Last week’s Transmission looked at three lessons the iron teaches on self-reliance, excuses, and discipline. It doesn’t end there. In its own ways, the iron teaches lessons that touch every corner of life. Here are four more lessons the barbell is teaching.
A barbell provides resistance. Through continuing to conquer the challenges of the iron, one begins to realize that only through overcoming challenge will one grow. A barbell that does not get heavier does not forge further strength. Continued strain against the weight forces the mind and body to either strengthen and overcome or get crushed.
Some avoid challenges in favor of comforts and content; however, there are no gains made in comfort – there is no drive for anything to change. Change is prompted by discomfort and is accomplished by the overcoming to regain balance. The Initiated individual understands this and continually seeks challenge. By continuing to seek out the challenges just as they continue to put plates onto the bar, one knows that they are growing and making progress toward a goal. Sore muscles are a reminder of the work put in just as the soreness and weariness that follows a challenge overcome signifies growth and progress made.
Strength takes commitment and dedication; but it also just takes time. It does not come quickly nor easily. The path to the end is not a straight line. Career, stress, injury, etc. all impact performance in the gym and are a part of the game that must be endured. How one makes and protects the time to train and recover will correlate to their progress in the gym.
In today’s age of instant gratification and participation trophies, many don’t know failure. Many expect their successes to come faster than what may be reasonable. They expect some reward for simply showing up. There is no drive to put in the time needed to come out ahead. Strength does not play by these rules and neither does any other meaningful pursuit – there are no shortcuts. Repetition after repetition, session after session, one must approach challenges with intensity and purpose to cut one’s teeth and develop the skills needed to win.
Gaining strength requires commitment to and belief in a plan of action. Commitment to a training block is needed to run the block through to the end and determine the validity or effectiveness of the block through analyzing results. If continually looking for the next best program or jumping from one training ideology to another, gains will be stunted and one will not be able to learn what does and does not work for them.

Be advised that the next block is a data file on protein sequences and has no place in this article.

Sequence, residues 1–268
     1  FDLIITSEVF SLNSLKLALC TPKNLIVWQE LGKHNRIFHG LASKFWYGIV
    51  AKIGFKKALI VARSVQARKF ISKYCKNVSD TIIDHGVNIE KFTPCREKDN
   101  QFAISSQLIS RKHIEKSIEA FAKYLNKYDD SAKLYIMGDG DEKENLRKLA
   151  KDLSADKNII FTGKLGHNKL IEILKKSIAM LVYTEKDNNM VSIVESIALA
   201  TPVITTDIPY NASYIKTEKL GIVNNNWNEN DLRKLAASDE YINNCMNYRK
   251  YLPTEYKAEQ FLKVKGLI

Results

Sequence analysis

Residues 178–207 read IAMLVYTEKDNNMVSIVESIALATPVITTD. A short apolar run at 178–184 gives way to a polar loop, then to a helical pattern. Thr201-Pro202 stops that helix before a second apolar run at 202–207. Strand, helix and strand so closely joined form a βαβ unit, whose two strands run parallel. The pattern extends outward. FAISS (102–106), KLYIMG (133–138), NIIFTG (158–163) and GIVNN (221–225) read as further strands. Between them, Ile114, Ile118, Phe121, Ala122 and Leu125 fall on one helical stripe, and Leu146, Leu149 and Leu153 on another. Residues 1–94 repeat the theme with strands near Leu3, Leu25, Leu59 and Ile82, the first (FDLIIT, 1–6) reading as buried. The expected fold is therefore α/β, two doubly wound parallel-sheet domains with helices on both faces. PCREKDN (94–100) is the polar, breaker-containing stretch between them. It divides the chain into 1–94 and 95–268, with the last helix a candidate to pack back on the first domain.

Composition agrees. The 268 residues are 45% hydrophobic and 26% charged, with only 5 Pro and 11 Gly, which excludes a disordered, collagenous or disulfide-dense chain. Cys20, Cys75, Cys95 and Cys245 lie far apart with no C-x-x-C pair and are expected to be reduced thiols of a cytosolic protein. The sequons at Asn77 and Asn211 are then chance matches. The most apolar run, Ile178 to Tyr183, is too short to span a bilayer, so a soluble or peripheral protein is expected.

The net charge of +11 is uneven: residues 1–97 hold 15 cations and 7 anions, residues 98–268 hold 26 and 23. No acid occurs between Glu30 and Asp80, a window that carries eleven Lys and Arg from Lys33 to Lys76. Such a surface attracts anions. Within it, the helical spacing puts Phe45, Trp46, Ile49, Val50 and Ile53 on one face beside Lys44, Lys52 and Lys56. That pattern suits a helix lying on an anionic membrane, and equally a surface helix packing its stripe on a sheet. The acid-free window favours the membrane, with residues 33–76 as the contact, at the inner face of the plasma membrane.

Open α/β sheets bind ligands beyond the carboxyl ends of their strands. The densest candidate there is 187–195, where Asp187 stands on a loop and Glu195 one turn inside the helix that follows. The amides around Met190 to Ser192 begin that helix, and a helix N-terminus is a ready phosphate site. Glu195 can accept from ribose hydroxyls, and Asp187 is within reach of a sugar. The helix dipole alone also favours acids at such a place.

This is true of all things. If one continuously jumps from one pursuit to another, they are not allowing sufficient time to see one course of action through to the end. There is value missed – one will never learn how to close on a pursuit. There will remain some level of unfinished business if one does not commit to seeing things through to the end.
Stay after the weights long enough and one will eventually reach a level of strength at which the current weights lifted were unimaginable when first starting. As one has learned more about how to train, eat, sleep, lift, warm up, etc., they will begin to set their sights on higher weights – weights that were not in the realm of reality when first starting. Perspective shifts as experience is gained and ignorance wanes.
Any new pursuit carries a learning curve. Through lifting one begins to understand that focused effort, education, and application will result in progress. One begins to gain clarity through the challenges they have overcome. This clarity builds with strength, as confidence and ability continue to build.
The barbell’s power is in its simplicity. With no purpose other than existing, it manages to command respect from those who understand its language. It tests and builds into strengths the same weaknesses it exposes.
The iron shows a lifter what they choose to seek.
Seek the truth.
Yours in strength,
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